Mid-Season Growing Season Update

Although the fifth and sixth installments have yet to post, we’re halfway through Growing Season, our public health and food justice comics journalism series for Truthout. While it’s our fourth season at Truthout, this is only the second year we’ve taken on a single focused subject for year-long exploration. Considering the popularity of Our Fashion Year (to be collected in a book called Threadbare in the spring), we thought it best to give you a little update on where the project stands.

1.R&M

Roots & Migrations, written by Anne Elizabeth Moore and drawn by Sarah Becan, focused on a Chicago-based artist named Fereshteh Toosi, whose food-based work references her own migration history and that reflected in the culture around her.

2. SN

Sarah Becan also drew our second strip, Stinging Nettles, written by Anne Elizabeth Moore. In it we speak to Elizabeth King George in the Pacific Northwest, who leads Native American food explorations in person and online to pass on vital health, healing, and taste traditions.3. Cultivation

Melissa Mendes then joined us for two strips that looked in-depth at Soul Fire Farm, an inspirational food justice program in upstate New York. Cultivation (above) and Cultivating Policy (below) presented the organization’s work around food and racial justice, but also opened up the discussion of food access to a query of the role of food policy.4. CultivatingPolicy 5.Food&Freedom

Our upcoming strip by Sarah Becan and Anne Elizabeth Moore (posting Tuesday at Truthout!) talks to the dude who helps keep an eye on Food and Freedom, Baylen Linnekin. Can’t wait for it? Sorry! We promise it’ll be worth the wait.

Melissa Mendes and Anne Elizabeth Moore return in August with a strip that looks more closely at how particular food policy issues are contributing to a public health epidemic. It hits a little close to home for some of us, so we’re not even going to preview it for you. Just stock up on some hankies next week and we should all be good to go on the second Tuesday of the month, as usual.

Comments? Suggestions for artists, interview subjects, or food issues to bring in? We’d love it if you’d leave ’em below.

Radical Chicago Publishing Timeline (at Women & Children First)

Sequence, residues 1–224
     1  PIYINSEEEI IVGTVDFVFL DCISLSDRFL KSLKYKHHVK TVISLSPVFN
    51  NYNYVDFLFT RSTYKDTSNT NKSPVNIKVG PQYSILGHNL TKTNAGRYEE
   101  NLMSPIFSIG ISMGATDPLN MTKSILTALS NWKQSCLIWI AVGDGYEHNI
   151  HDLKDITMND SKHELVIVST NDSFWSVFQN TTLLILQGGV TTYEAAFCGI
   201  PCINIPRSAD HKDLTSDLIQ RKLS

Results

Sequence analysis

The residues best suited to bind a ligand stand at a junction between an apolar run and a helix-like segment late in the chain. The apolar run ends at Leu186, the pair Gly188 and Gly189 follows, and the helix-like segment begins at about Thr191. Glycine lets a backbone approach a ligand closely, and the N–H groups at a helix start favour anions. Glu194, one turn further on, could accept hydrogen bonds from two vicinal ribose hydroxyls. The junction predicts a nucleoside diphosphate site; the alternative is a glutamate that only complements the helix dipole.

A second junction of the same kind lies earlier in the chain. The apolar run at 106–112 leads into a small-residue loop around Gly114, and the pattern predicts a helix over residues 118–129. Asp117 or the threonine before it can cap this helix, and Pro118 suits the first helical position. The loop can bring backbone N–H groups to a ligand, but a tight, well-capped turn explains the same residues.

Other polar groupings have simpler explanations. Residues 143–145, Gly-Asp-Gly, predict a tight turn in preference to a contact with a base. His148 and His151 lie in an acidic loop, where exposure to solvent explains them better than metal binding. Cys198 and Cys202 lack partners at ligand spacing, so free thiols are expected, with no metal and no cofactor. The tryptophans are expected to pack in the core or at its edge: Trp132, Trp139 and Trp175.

Front Window with Ray

Throughout the month of June, as a celebration of both the Chicago Alternative Comics Expo (CAKE) and Pride, The Ladydrawers were pleased to occupy the front window of Women & Children First Books in Chicago’s Andersonville neighborhood. With a timeline of queer and POC printing and radical research projects from Chicago’s history written by Anne Elizabeth Moore (with a fantastic research assist or two from Paul Gehl of the Newberry Library) and drawn by Delia Jean, The Ladydrawers improvised a Chicago-themed political publishing overview for one of the oldest feminist bookstores in the country. (Pictured above: unnamed woman to the far left, Morgan, Ray, AEM, Sheika, Delia Jean. Also, Ray again, but real, peeking over the top of the painting. Remember our process shots from the install?)

It was an incredibly fun experiment for us. If you want to invite us to do something similar in your storefront or window, let us know and we can send you our rates!

The artists who helped implement and/or take down the window included: Kitty, Amy, Rae, Delia, Sheika, AEM, and Anna, on loan from Femicomix Finland. There were probably other folks who helped out, too; please leave a comment below so we can add you. Or: if you saw the window and liked it, let us know what you liked about it!

Second Window  The second window, covering the years prior to The Ladydrawers’ existence, 1947-1970.3 SisterhoodIsBlooming 4 JaneCollective 5 3rdWindow

1914-1930. Did you know gay and lesbian literature was arguably born here in Chicago?6 FourthWindow

The very first window started with the fire (above, it was hard to photograph) and the years 1889-1905, from the Haymarket Riots to the Chicago Defender.7 AddamsAgain 8 AddamsCats We tried to pair books with the images through which passersby would see them; Jane Addams obviously got Dancing With Cats.9 guy 10 DeliaDocumentingandRepping 11 HaymarketRiot 12 QueerLit 13 RayWithPortUSE Ray, posing behind their likeness. 14 zines This minis Ray had folks make. 15 Love,UsThen, of course, we had to leave some underpants behind. We signed ’em, special, for Women & Children First!

Announcing: THREADBARE

 We are really excited to announce that our first book collection will come out next Spring from Microcosm, featuring amazing art by Leela Corman, Julia Gfrörer, Simon Häussle, Delia Jean, Ellen Lindner, Melissa Mendes, and writing and reporting from Anne Elizabeth Moore. All the Our Fashion Year stories from Truthout will be included, plus some brand new and rare print-only stuff most of you have never seen, and it’s going to be super.

If you just can’t wait ’til May you can pre-order it here. And if you want to get in touch about hosting us on a tour date, drop us a line!